3-17-23 – By Michael Castrignano – @412DoublePlay on Twitter
There comes a time in the course of a rebuild where prospects need to put up or shut up. Many Pirates fans, myself included, have long beat the drum of the forthcoming youth movement pushing this team into contention once more.
Well, those players are here – or close to it – and a long list of candidates are vying for playing time; looking to prove they should be part of that starting nine for when this team is playing meaningful games in the fall. A deluge of those prospects currently have ‘OF’ listed as one of their positions so let’s start by looking at current options who could spend time in the grass at PNC Park this season and beyond:
Tier 1: Starters/4th Outfielder
Bryan Reynolds, Jack Suwinski, Andrew McCutchen, Connor Joe, Travis Swaggerty
There’s some obvious names here but let’s quickly talk through them. Bryan Reynolds, as of today, March 17th, is a Pirate. He likely will be a Pirate for the foreseeable future. I don’t get into the speculation of him potentially being traded and expect he will be starting in either center or left field on Opening Day. Emotions may not be his thing but hitting most definitely is. Even with a “down year” last season, he still posted a 125 wRC+ with a 2.9 WAR and career-best 27 home runs. His defense regressed considerably in center but his bat more than makes up for it. And if he’s moved back to left – which is where he started with the Bucs in 2019 – he should be at least average there defensively.
Suwinski had an intriguing rookie season (19 home runs in 372 plate appearances) but he struck out 30.6% of the time and his home/away splits were almost comical in difference (.982 OPS at home vs. .395 away from Pittsburgh). He also struggled against left-handed pitching, which is not uncommon for a young lefty. He changed up his stance this off-season with a more open and upright approach, seemingly hoping to find more consistency at the plate. He has a strong arm, good glove and is playing some center field this spring. It remains to be seen how this will play out in the season away from the warm winds of Bradenton as he is trudging the vast terrain of PNC Park.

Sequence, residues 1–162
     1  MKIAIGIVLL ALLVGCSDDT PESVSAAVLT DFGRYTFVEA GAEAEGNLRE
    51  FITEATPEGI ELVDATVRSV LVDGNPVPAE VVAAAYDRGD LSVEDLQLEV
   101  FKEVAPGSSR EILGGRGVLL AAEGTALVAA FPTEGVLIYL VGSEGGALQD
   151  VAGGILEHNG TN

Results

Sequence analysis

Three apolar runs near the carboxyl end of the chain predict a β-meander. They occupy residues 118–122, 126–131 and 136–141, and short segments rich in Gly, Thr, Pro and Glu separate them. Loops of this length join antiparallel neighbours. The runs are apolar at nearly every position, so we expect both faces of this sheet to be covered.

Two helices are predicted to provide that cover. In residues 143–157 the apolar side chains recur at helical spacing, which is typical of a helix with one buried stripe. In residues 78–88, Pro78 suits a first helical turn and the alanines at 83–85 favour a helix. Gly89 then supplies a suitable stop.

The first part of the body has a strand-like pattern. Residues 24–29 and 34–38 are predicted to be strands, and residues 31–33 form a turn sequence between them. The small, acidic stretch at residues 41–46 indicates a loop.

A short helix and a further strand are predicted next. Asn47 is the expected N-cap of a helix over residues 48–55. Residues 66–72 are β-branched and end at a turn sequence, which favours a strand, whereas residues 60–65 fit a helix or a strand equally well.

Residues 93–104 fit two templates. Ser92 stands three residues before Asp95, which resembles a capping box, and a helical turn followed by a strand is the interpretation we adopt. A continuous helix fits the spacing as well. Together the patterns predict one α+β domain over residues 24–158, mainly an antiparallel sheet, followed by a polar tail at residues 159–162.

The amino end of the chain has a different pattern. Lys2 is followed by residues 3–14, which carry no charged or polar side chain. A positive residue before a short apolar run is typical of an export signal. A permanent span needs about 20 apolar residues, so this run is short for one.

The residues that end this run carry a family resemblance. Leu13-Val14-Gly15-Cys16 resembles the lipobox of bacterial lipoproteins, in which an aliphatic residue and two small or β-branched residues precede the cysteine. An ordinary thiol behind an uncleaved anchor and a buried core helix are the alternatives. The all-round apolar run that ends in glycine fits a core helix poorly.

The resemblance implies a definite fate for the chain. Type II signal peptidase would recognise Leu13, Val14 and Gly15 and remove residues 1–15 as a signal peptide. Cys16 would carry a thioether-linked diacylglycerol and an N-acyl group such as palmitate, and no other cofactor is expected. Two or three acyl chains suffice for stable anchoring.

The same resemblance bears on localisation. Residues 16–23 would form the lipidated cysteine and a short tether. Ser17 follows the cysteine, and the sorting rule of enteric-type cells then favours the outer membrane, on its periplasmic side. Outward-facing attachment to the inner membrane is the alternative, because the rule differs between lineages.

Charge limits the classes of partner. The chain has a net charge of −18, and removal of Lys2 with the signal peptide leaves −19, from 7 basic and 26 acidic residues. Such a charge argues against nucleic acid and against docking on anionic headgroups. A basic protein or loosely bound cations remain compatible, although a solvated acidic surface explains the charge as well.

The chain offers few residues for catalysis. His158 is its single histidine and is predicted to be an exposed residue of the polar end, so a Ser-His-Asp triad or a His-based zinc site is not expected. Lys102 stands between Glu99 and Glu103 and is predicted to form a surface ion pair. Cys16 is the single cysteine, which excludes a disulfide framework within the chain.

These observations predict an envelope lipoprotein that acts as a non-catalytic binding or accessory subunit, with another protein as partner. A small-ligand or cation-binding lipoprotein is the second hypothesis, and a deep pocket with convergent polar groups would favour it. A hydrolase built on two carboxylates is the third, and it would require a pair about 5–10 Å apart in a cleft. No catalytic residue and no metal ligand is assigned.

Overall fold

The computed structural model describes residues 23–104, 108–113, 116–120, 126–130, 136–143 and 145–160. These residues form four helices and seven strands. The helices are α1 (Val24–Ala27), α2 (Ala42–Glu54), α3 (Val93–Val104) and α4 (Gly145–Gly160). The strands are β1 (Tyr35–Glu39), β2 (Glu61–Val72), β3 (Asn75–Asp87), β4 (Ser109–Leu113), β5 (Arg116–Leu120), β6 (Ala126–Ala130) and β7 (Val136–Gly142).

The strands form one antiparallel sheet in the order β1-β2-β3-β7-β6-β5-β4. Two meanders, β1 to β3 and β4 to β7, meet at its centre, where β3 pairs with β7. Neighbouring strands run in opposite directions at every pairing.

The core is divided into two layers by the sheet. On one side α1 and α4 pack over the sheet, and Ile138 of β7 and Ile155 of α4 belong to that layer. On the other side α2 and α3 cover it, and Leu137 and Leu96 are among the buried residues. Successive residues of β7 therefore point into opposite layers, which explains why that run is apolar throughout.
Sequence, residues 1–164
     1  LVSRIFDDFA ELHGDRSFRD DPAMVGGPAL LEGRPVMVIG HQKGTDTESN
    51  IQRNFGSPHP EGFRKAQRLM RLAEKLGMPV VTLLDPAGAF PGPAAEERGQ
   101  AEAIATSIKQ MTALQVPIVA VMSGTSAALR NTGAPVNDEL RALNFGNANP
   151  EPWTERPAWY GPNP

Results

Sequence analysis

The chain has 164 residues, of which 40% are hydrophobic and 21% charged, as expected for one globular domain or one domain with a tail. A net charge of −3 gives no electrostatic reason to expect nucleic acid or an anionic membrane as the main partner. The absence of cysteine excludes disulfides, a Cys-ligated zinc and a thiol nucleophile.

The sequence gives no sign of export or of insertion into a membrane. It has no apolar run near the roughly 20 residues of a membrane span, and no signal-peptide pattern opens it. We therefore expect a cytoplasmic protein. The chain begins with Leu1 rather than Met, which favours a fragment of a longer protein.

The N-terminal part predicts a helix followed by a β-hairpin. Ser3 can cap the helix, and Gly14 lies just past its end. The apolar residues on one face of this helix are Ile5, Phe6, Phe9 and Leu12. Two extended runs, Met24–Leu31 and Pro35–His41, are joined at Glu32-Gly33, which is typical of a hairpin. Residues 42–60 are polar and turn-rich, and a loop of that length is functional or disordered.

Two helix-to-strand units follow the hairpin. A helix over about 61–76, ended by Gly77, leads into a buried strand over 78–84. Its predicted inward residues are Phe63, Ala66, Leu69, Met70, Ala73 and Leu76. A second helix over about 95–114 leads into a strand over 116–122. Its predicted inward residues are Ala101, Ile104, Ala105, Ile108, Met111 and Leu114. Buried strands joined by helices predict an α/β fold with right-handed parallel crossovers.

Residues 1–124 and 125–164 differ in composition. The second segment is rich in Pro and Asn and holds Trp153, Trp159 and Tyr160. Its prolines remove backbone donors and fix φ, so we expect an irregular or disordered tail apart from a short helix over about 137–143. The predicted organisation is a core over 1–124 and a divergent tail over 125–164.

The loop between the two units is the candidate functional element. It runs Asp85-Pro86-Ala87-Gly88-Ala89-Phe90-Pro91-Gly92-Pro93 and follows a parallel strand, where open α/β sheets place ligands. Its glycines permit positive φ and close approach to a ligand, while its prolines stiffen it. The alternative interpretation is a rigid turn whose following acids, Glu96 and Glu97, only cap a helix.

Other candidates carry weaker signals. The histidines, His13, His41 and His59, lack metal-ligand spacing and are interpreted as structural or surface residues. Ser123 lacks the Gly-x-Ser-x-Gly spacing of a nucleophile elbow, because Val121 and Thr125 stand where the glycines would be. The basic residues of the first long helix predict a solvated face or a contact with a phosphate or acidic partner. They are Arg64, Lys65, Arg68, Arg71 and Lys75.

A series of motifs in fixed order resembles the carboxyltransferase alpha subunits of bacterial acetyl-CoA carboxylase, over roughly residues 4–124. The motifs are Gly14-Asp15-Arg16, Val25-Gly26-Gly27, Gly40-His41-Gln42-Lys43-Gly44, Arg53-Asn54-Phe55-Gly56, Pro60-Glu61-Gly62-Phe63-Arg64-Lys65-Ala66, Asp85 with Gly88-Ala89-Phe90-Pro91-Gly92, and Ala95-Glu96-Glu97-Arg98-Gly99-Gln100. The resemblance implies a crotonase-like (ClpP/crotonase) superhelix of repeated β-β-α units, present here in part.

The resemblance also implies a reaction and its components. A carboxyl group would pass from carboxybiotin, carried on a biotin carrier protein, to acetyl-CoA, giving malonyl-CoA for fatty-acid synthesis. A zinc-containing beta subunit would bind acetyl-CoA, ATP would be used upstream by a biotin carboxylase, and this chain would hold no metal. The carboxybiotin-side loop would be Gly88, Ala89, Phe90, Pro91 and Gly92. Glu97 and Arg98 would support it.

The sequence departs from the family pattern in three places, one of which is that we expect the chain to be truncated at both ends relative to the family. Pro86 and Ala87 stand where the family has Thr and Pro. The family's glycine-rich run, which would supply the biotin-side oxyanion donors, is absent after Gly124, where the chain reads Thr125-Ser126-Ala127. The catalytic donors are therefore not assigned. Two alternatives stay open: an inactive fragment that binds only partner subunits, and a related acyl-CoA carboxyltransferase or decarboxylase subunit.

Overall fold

Cutch being back is wonderful. There is no disputing that. What is debatable is how much he plays in the outfield. His initial impression was that he will primarily DH. The team insisted that he would be a corner outfielder. For what it’s worth, he played 53 games in the outfield last season with Milwaukee and 82 games at DH; however, the previous season in Philly, he spent 135 out of 136 games in left field. He’s not a plus defender by any means, but he can hold his own out there. Right field is the likely spot for him in Pittsburgh with some DH as well. He’s still very good against LHP (.738 OPS over 145 at-bats in 2022) so play him in those instances, sprinkle in occasional starts outside of that, help him have a fun return to Pittsburgh and maybe reach a few career milestones. He is 52 hits from 2,000, 8 doubles from 400 and 13 home runs from 300. It won’t break any records when it happens, but it’ll be fun to see it happen in a Pirates uniform.
When the Pirates traded Nick Garcia to Colorado to bring Connor Joe back to the organization, it made sense. Team needed outfield options at the time. It’s become less needed with the addition of Cutch but there’s a lot more that Joe brings to the team. He has a career walk rate of 11.8%, which should be a boost to all-or-nothing aspects of the lineup. He’s had a good amount of at-bats this spring and has shown some speed with a couple stolen bases. Most likely, he’s a platoon-type player as he’s performed better against lefties than righties (.759 OPS vs LHP/.715 vs RHP), likely sliding in for Suwinski against tough lefties.
If there’s one guy who seemed most on-the-bubble this off-season and stayed on the 40-man, it’s former 1st rounder Travis Swaggerty. And if you’ve seen him play at all this spring, you would be baffled that it was ever a discussion among fans. Craig Toth wrote about his development recently. As of this writing, Swaggerty has a .391/.417/.652 triple slash so far this spring with two home runs. He is hitting the ball with conviction, he’s capable of gold glove-level defense in center field and has above-average speed which will play on the bases. And, given the injuries and personal issues he’s had to deal with over the years, he’s a really easy guy to root for to succeed.